Travelers arriving from safe areas must fill in a health declaration before their arrival and take a Covid test once they’ve entered the Netherlands, while those coming from high risk areas must provide either proof of vaccination, proof of recovery from coronavirus or a negative Covid test result.

Visitors from other countries not deemed very high risk (with a variant of concern) can enter the Netherlands.

Currently, the following destinations outside the EU are considered “safe”: Argentina, Australia, Bahrain, Canada, Chile, Colombia, Faroe Islands, Greenland, Indonesia, Jordan, Kuwait, Namibia, New Zealand, Peru, Qatar, Rwanda, Saudi Arabia, South Korea, Taiwan, United Arab Emirates and Uruguay. A full list of safe countries, regularly updated, can be found on the Dutch government website.

From November 26, Botswana, Eswatini, Lesotho, Mozambique, Namibia, Zimbabwe and South Africa have been designated “very high risk” areas, and a ban has been placed on passenger flights from these destinations due to the discovery of the new Omicron variant.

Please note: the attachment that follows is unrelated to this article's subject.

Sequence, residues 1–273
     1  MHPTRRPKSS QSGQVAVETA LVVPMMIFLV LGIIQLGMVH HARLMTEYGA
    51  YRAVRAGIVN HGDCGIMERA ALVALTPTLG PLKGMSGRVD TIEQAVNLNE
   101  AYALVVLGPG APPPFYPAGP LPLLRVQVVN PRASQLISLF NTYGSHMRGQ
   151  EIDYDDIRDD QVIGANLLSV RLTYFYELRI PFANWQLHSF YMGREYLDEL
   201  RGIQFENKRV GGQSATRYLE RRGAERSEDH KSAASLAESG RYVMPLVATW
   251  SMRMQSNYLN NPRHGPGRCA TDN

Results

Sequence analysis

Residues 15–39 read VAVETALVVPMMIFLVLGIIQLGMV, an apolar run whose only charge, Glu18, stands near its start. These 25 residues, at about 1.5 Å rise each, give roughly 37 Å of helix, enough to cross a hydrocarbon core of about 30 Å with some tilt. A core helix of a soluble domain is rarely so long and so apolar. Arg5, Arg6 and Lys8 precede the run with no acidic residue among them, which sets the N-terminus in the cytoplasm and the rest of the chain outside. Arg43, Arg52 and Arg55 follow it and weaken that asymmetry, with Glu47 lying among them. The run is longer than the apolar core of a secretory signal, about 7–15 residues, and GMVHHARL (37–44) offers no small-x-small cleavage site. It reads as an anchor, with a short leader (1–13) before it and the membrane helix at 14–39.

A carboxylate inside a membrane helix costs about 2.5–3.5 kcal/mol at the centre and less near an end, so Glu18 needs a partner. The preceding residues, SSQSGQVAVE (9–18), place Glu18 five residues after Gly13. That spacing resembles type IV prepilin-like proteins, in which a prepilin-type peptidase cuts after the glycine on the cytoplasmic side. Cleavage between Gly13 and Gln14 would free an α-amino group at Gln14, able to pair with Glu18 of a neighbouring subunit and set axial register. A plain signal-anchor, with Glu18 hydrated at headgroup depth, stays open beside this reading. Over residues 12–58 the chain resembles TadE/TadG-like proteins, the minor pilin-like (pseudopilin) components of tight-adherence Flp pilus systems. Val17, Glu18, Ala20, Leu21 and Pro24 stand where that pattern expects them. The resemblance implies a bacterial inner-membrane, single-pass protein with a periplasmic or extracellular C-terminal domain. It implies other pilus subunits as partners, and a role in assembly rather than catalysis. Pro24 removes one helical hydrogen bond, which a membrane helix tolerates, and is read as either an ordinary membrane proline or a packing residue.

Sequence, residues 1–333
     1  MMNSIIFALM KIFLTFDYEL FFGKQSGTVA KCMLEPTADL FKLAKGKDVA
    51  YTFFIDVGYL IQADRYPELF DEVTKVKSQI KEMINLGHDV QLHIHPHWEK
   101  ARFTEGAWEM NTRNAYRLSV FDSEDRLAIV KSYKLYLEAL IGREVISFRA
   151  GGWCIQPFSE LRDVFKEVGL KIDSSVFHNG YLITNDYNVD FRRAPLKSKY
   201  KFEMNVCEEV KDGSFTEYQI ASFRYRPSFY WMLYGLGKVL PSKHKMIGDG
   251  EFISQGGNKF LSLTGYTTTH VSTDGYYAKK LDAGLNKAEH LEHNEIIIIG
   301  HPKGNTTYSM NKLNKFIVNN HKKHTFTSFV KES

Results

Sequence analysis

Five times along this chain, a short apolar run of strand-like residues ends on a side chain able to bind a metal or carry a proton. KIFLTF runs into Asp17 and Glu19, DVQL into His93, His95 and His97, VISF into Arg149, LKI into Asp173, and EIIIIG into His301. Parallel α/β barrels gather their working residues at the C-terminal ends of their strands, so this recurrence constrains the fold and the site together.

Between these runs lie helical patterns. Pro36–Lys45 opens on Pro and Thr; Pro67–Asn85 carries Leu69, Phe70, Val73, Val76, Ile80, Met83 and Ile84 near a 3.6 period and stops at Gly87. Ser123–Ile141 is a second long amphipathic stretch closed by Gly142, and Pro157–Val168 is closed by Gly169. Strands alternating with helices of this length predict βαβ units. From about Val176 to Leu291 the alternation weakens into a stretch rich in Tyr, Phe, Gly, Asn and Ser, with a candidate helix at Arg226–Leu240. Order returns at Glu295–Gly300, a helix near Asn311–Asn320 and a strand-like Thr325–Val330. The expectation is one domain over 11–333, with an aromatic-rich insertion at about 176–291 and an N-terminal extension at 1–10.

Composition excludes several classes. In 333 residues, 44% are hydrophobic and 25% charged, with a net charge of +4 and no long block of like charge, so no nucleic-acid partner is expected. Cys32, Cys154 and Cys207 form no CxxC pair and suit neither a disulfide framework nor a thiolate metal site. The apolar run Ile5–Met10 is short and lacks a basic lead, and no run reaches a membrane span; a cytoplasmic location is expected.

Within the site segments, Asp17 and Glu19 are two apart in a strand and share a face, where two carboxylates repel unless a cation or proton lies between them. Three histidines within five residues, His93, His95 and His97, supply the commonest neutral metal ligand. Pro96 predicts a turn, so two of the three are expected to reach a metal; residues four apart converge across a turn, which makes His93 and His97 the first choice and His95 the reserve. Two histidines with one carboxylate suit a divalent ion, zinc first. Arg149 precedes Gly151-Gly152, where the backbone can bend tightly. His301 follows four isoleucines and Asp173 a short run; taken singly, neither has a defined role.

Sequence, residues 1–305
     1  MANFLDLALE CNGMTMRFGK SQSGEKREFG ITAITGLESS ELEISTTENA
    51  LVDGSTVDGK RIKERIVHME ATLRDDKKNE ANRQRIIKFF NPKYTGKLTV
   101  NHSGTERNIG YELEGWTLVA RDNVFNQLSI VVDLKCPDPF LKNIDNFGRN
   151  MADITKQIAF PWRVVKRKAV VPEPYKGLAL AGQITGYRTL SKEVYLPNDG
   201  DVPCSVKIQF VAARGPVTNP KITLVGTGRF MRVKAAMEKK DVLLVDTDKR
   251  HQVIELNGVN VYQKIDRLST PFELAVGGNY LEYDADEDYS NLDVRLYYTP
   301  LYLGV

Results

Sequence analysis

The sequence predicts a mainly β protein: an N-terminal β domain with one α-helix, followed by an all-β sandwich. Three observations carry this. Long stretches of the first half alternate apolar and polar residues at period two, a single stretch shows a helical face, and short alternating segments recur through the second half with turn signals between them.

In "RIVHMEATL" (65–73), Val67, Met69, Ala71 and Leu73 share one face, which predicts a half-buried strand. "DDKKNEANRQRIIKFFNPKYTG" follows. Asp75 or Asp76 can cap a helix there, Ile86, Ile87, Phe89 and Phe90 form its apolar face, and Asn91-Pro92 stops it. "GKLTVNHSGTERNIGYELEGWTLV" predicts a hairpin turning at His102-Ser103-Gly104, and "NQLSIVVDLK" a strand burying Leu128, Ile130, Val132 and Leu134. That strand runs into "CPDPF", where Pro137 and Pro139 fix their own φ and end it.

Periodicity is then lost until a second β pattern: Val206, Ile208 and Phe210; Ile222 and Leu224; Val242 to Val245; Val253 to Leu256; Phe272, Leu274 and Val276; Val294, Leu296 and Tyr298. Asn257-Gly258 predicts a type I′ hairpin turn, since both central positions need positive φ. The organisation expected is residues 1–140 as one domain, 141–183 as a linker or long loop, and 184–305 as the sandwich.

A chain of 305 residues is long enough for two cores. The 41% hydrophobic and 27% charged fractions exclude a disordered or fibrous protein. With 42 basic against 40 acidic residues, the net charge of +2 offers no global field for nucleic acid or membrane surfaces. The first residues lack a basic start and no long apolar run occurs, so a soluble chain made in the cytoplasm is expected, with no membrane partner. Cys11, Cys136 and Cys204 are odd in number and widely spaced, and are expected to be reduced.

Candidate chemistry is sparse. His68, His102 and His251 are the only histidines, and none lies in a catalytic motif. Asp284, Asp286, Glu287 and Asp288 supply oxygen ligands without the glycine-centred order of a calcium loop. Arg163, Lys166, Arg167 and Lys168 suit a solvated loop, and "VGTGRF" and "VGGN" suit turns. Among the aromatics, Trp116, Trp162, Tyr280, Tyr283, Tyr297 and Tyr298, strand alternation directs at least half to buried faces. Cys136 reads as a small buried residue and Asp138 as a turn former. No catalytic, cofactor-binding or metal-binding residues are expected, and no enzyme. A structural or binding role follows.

Other destinations outside the EU considered as “very high risk” are: Afghanistan, Anguilla, Armenia, Barbados, Belize, Cayman Islands, Dominica, French Guiana, Georgia, Haiti, Mongolia, Montenegro, St. Kitts and Nevis, Serbia, Singapore, Somalia, Suriname, Thailand, Ukraine, United Kingdom and Venezuela.

Vaccinated travelers arriving from countries deemed as “very high risk” will need to provide proof of vaccination and a negative PCR test result before being permitted to travel to the Netherlands.

However, the country has reversed its decision to bring in a mandatory 10 day quarantine for fully vaccinated travelers from “very high risk” areas. From September 22, vaccinated visitors arriving “very high-risk” areas will be required to submit the results of a negative PCR or antigen test in order to visit, but will not need to go into quarantine.